Conservatives Want to Build More HousesBut Not in their Backyard
Julian Mercer reports on the Government’s latest botched attempts to solve the UK’s housing crisis
Try as hard as it can, the Government cannot understand why there are 250,000 homeless people in the country and a further million on housing waiting lists. How ever many houses private developers build, the figures never seem to decline.
It is not for lack of activity or initiatives. Last year, the Government launched, with great optimism, a new policy to solve the housing crisis “to deliver the housing people need because happier, more rooted communities bring our country together”. But this initiative crash-landed only four months later as (another) mutant algorithm threatened to cause “the erosion of local democracy”.
So why is the Government unable to make any dent on the housing crisis?
Alongside increasing divorce rates and life expectancy, the 20th Century saw a steady growth in housing. But, at the turn of this century, life expectancy and average household size (just under 2.4 people) began to stabilise and projections of housing need slowed down.
This was an inconvenient truth for the Ministry of Housing, Communities and Local Government (MHCLG), convinced that the housing crisis could only be caused by a severe lack of supply. Despite the overwhelming evidence, Theresa May pledged in 2017 to raise England’s housing target to 300,000 additional homes per year, more than has ever been achieved.
Even when Office for National Statistics (ONS) projections converted into an annual need of little more than 200,000 homes, the MHCLG dismissed the data as “not a reason why the Government should change its aspirations”. Councils were directed to ignore the ONS numbers or face a financial sanction if they failed to follow the department’s increasingly exaggerated targets.
Byline Times reported in December that the Government may be overestimating need by as much as 80,000 homes per year.
Knowing that such a Canutean attitude couldn’t endure, MHCLG consulted last year on a completely new formula.
Officials turned to the upmarket estate agency, Savills, which shared ministers’ views that the flatlining of household size was itself a symptom of the housing crisis. Because there weren’t enough homes, more people were forced to share accommodation and this, it argued, rendered the projections meaningless.
There is no doubt so-called ‘concealed households’ have proliferated in recent years but there is considerable debate about their cause. The ONS reported that economic migrants are a big factor, choosing to share homes in order to maximise the funds they can send home. But most commentators acknowledge that rapidly increasing house prices are the main cause, leaving many people unable to live independently no matter how many homes are built.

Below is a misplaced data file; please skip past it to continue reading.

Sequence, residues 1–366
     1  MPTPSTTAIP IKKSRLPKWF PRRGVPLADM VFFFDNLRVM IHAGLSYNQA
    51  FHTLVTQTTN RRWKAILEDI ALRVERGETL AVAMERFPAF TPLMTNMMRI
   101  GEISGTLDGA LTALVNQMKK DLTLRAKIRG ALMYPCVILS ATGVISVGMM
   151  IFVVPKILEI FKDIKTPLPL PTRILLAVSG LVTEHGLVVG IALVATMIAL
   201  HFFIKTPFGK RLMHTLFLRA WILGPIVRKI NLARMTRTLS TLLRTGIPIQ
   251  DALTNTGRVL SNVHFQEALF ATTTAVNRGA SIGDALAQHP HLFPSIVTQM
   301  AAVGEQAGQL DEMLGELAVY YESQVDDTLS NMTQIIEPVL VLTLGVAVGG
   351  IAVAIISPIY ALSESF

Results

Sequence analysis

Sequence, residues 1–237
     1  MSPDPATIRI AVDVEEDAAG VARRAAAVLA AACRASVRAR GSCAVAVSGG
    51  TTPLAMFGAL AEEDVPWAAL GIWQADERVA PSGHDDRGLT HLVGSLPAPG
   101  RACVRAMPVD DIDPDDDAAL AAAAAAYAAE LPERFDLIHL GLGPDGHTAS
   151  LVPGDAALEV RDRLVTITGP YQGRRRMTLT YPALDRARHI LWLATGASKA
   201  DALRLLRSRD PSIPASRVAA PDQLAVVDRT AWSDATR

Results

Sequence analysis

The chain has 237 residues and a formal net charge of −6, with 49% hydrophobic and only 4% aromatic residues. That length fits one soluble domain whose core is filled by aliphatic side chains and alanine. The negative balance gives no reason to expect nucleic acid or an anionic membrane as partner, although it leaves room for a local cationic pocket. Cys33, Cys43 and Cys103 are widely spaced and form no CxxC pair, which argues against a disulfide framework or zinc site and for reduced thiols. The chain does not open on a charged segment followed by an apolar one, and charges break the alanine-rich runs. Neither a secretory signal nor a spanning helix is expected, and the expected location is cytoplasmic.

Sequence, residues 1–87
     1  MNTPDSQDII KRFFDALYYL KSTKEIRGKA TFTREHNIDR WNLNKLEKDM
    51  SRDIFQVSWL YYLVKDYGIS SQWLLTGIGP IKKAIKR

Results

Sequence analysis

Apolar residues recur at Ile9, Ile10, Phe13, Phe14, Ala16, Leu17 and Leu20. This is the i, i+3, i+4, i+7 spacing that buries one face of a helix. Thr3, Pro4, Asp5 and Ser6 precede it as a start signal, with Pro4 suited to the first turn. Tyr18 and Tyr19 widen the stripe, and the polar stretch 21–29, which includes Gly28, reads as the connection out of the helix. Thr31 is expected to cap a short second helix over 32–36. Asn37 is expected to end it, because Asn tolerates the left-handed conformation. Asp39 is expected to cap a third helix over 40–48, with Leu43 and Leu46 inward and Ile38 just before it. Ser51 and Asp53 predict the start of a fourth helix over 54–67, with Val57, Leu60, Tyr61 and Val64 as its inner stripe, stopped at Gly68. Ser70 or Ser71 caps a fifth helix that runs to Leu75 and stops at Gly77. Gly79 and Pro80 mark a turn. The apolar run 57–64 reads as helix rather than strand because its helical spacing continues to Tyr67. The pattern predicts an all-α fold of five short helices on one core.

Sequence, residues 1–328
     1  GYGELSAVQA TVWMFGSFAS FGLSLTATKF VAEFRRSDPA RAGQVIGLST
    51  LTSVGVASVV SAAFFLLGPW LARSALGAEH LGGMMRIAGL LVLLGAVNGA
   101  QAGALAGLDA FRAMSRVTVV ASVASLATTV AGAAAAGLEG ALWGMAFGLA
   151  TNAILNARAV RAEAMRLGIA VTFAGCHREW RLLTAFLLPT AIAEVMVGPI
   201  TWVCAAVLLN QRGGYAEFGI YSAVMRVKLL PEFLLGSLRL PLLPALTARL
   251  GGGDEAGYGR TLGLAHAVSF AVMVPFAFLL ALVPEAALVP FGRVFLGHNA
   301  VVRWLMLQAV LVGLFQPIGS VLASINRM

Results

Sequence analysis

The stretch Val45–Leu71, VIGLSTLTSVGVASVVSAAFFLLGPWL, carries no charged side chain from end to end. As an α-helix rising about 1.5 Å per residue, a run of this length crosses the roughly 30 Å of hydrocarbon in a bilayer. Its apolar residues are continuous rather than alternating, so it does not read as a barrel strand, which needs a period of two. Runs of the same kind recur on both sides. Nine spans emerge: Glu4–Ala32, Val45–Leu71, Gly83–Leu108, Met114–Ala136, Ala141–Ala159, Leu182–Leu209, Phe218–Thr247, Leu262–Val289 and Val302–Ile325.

Indeed, Savills itself acknowledged the problem in a 2017 paper: “In the locations with the least affordable housing markets, average household size increased from 2.38 in 2001 to 2.44 in 2011. This suggests suppressed household formation as a consequence of insufficient housebuilding and an unaffordable housing market.”
Two years later, the think tank Civitas reiterated the impact of prices but noted that it wasn’t a nationwide problem: “The proportion of 20-34-year-olds living with their parents increased most in London, where housing is most expensive. It increased least where housing is the least expensive. It is implausible to think these patterns are not related.”
Savills therefore proposed a new formula which replaced the primacy of household projections with far greater reliance on affordability. The simple idea was to concentrate the supply of housing in the most expensive areas where prices would fall and the constrained demand could finally be unleashed.
This too is a disputed notion. Economists agree that 300,000 more homes per year will have limited impact, reducing prices by perhaps 10% in a decade. This would be peanuts compared to the rampant inflationary forces created by low interest rates which even the Bank of England agrees have caused house prices to rise 60% in real terms since 2000. Even now, as house-building continues apace despite the pandemic, prices are rising by their highest rate in six years.